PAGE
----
A CLOSE ally of borough MP Andy Burnham has been sacked in Jeremy Corbyn’s so-called revenge reshuffle.
Michael Dugher, who led Mr Burnham’s leadership campaign, announced he had been “sacked” from the post of shadow culture secretary as part of the Labour leader’s shake-up of the shadow Cabinet.
Mr Burnham, who is the current shadow home secretary, was among the first to pay tribute to Mr Dugher.
He said: “We face a big challenge in winning back the trust of our traditional supporters in the North and the Midlands and Michael is one of the authentic voices who can do that. I thank him for all the support he has given me and wish him well.
“He has served Labour with distinction and can leave the front bench with his head held high.”
Mr Corbyn’s decision to kick out the Barnsley East MP saw many other MPs express their dismay at the move.
And the party said a planned meeting of the shadow cabinet which had been set for 12.45pm had been cancelled.
Labour deputy leader Tom Watson led the praise for the ousted frontbencher.
He said: “Michael Dugher is a rare politician - a talented working-class MP who hasn’t lost his strong Yorkshire roots.
“Politicians with his ability and commitment can make a difference in any role. Labour’s loss in the shadow cabinet will be compensated by Michael’s free thought on the backbenches.”
Gloria De Piero, shadow minister for young people, said: “In over 20 years of friendship with Michael I have witnessed his tireless commitment and determination to campaign for a Labour government and I know that will continue from the back benches. But it’s always sad to lose someone from an ordinary background from the shadow cabinet.”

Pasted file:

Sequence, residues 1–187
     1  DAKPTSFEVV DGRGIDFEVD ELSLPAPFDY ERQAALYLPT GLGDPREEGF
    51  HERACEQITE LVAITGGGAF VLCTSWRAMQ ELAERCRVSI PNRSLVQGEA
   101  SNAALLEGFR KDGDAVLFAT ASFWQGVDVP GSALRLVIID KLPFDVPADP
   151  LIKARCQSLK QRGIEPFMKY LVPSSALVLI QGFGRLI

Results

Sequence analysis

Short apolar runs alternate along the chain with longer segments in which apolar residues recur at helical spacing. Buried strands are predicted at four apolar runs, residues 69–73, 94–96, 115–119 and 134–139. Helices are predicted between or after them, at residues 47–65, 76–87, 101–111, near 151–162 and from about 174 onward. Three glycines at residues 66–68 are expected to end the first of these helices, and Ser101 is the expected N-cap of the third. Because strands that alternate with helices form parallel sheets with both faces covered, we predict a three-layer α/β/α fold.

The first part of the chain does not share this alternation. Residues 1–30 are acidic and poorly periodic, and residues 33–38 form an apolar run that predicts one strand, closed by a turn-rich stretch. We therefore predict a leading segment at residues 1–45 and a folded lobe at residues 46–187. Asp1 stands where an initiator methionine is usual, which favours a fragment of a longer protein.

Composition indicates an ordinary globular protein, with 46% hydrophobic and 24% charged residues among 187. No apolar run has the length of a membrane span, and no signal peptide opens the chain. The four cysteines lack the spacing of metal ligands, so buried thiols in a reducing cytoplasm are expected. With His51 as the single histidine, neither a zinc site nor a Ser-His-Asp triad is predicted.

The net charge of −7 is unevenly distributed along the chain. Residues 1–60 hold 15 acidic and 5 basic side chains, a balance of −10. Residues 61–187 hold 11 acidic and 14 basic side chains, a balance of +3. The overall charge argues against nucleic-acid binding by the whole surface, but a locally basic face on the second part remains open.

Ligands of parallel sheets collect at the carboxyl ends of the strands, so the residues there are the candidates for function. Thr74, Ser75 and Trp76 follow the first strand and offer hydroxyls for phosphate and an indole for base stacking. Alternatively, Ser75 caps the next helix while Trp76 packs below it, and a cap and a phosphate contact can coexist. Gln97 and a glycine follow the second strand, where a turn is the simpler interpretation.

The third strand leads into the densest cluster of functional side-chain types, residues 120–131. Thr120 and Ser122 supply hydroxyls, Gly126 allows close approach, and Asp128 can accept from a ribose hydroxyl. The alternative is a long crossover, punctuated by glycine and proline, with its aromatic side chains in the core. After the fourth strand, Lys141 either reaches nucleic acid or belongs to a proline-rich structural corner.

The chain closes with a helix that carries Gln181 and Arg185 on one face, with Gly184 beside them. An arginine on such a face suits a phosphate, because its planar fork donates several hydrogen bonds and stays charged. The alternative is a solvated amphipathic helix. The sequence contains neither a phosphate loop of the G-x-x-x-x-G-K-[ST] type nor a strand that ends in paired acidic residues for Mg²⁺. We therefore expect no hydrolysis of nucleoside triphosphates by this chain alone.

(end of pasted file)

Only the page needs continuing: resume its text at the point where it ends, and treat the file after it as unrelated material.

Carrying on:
Luciana Berger, shadow minister for mental health, said: “Sorry @MichaelDugher leaving the shadow cabinet. One of @UKLabour’s best campaigners who’s worked hard to widen access to the arts & sport.”
Shadow Northern Ireland secretary Vernon Coaker wrote: “Really sorry to see @MichaelDugher leave Shad Cab. He will be missed! He will be just as ferocious attacking the Tories from the b/benches.”
Fellow Barnsley MP Dan Jarvis, who is widely tipped as a future party leader, said: “Sad to see this. @MichaelDugher is a highly effective & authentic voice 4 working ppl & a great champion for #Labour.”
Shadow defence minister Toby Perkins said: “Sad to hear this, always effective at putting Tories on the back foot, something we need to do more of.”
Jon Ashworth, shadow minister without portfolio, said: “I’ve been mates with @MichaelDugher since I was 16. Sorry to hear this news. I know he will continue to campaign hard for the party he loves.”
Graham Jones, Labour MP for Haslingden and Hyndburn in Lancashire, tweeted: “With the sacking of Dugher, traditional working-class Labour is dying.”
But Bassetlaw MP John Mann tweeted: “All this guff about @MichaelDugher. He’s a mate of mine. But Corbyn won. It’s politics. Personally I wouldn’t have freed him up, but then..”
Mr Dugher voted in favour of UK military action in Syria in last month’s free vote in the House of Commons. He had warned Mr Corbyn he would end up with a “politburo of seven” at the top of the party if he attempted to use a reshuffle to surround himself with allies from the Labour left.
In a message on Twitter, Mr Dugher announced: “Just been sacked by Jeremy Corbyn. I wished him a happy new year.”
Mr Corbyn is expected to use the first day of the Commons’ return from Christmas recess to finalise the shake-up of his top team, after late-night talks with key members of the shadow cabinet ended without any announcement on Monday.
A spokesman for Mr Corbyn said the leader had “several discussions in relation to changes to the shadow cabinet” but would not give any details of who, if anyone, was being moved or sacked.
The talks followed speculation of a possible “purge” of those with views at odds with the leader, including shadow defence secretary Maria Eagle’s support for the renewal of the UK’s Trident nuclear deterrent.
Another nine shadow cabinet members voted for air strikes after Mr Corbyn was forced to allow a free vote - fuelling suggestions that he could replace them with left-wing supporters.
But the scope of the changes appeared increasingly likely to end up narrower than mooted, as the leadership sought to balance the desire for a coherent message on the front bench with the major backlash in the parliamentary party that would greet any move to freeze out moderates.